We don't have a high percentage of members on Facebook, and even less are on Twitter. I'm still happy with our experiment and I plan to keep it up. I think it helped people engage the material better and it will facilitate community outside the weekly worship as we create a backchannel through which we can continue talking and tweeting with each other about God's word and its impact in our lives.
For those who were involved, what was your opinion? What feedback do you have? If you're just reading this, what questions do you have?
If the title of this post completely confuses you, just hang on! I'll walk you through it.
Yesterday, I posted about the value of online connection and what we are trying to do with our online networking accounts. Today, I want to follow up with a simple way of connecting. You can start this immediately if you are already on Twitter, or if you'd like to set up a Twitter account.
What is a Hashtag?
One of the things that makes Twitter so valuable is that it runs in real-time. That means that I can type and publish and update and you can read it immediately. This makes is extremely valuable for search--you can search within Twitter for posts about topics and events and receive information in real-time.
Going back to yesterday's post, if you are posting updates to Twitter during the sermon, others can read these updates in real-time. This means that other church members who may be on Twitter at the same time can read your updates and respond. It also means that others who read your Twitter updates but are not church members can see your updates about the sermon or worship service as you post!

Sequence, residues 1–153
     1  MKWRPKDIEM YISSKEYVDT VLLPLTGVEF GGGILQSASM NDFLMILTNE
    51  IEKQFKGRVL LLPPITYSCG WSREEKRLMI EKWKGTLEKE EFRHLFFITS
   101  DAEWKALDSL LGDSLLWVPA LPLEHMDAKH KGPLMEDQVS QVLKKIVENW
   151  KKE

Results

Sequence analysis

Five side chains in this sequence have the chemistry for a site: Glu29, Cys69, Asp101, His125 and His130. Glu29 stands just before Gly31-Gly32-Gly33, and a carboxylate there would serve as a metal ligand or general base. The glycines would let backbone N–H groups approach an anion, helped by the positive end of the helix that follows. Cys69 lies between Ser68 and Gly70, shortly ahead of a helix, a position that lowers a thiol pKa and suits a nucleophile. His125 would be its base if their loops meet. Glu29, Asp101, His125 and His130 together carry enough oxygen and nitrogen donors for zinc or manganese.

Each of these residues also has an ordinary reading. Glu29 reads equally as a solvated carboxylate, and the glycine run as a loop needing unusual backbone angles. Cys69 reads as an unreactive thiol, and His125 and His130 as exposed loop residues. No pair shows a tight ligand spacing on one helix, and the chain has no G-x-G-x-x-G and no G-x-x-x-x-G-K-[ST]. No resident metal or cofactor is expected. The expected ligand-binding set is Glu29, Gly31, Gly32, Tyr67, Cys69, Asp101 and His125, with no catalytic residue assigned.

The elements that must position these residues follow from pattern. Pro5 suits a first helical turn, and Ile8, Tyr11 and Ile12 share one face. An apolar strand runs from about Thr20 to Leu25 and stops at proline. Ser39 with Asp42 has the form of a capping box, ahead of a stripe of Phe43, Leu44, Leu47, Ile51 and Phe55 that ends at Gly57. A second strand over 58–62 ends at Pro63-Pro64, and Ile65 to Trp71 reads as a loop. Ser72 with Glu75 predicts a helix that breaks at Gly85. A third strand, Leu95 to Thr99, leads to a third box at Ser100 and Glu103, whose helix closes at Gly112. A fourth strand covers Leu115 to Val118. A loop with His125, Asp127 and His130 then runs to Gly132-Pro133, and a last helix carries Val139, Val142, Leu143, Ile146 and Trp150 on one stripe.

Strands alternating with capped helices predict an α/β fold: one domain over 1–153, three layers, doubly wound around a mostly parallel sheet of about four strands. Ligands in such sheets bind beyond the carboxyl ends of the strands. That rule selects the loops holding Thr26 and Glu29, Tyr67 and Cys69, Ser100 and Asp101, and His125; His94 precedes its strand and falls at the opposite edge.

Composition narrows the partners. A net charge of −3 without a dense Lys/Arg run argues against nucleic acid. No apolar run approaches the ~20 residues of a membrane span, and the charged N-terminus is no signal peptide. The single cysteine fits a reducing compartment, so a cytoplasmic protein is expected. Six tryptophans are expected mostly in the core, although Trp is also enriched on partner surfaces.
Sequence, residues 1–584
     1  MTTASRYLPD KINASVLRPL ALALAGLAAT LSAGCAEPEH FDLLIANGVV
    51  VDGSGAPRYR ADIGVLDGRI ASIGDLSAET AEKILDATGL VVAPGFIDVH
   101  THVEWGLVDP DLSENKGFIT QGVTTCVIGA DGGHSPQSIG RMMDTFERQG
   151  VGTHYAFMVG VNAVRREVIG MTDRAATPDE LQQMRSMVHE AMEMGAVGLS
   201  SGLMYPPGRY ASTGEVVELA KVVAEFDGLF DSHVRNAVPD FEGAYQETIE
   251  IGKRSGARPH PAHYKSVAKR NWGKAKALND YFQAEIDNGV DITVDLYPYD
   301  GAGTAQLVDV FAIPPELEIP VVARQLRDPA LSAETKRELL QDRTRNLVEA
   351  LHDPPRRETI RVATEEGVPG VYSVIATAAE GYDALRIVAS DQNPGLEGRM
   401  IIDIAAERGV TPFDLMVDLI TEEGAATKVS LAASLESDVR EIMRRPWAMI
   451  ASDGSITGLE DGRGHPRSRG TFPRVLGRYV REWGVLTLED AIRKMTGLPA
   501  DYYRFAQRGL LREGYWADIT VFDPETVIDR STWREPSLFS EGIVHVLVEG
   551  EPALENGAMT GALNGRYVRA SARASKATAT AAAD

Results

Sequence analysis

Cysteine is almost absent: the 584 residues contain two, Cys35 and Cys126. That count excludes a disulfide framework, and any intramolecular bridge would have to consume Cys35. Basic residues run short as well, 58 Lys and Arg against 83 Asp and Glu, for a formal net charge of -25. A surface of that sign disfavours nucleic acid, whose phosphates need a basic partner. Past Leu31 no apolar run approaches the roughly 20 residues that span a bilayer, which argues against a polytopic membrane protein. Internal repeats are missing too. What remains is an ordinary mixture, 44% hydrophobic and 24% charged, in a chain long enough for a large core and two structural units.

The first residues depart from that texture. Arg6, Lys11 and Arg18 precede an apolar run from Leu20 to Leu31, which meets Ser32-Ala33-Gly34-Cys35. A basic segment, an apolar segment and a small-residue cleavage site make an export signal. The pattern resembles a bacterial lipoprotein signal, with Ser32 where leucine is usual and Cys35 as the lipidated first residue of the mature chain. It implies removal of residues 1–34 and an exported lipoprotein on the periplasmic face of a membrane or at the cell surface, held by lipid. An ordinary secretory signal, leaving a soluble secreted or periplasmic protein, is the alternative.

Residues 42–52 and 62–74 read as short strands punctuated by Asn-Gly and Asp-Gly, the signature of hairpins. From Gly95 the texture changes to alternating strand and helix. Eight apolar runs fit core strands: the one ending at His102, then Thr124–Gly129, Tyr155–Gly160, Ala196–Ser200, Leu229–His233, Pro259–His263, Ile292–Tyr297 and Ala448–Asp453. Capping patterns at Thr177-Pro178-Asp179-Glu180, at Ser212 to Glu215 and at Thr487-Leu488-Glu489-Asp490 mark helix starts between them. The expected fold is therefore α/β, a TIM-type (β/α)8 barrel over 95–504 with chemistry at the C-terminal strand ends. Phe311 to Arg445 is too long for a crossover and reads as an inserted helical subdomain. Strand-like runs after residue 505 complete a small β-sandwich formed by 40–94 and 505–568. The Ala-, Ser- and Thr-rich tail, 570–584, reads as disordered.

This is where hashtags come in. A hashtag is, very simply, a way to create a search term within Twitter. For example, when you go to Google to search for something, you'll type in something like, "cheap plane tickets." That is your search term that you use at Google.
You can do this also at Twitter. Go to Twitter and search for "bible." It will return several results, based on when it finds the word "bible" in someone's update. However, a hashtag allows a poster to add the tag at the end of their post to mark that entire post for that search term. For example, when I post an update to Twitter about my sermon, I will include the hashtag #bible or #sermon. (Note that hashtags always use the pound "#" symbol ahead of the word.)
Why Use a Hashtag?
As I stated above, marking a post with a hashtag is a deliberate way of linking your post to a particular search term. Now, when you search Twitter for #bible instead of "bible," you will receive posts that posters have deliberately marked for that purpose. Rather than receiving feedback about someone deciding to buy a bible (search term "bible"), you will most likely receive information about bible studies, sermons, and information about the bible.
You can also use a hashtag to build a collection of posts around a topic. This is what we are working at doing for the Horton Road Church of Christ. We are using the hashtag, #hrcc, for church-related posts. For example, in this update I ask church members posting on Twitter to use that particular hashtag when they post about the church.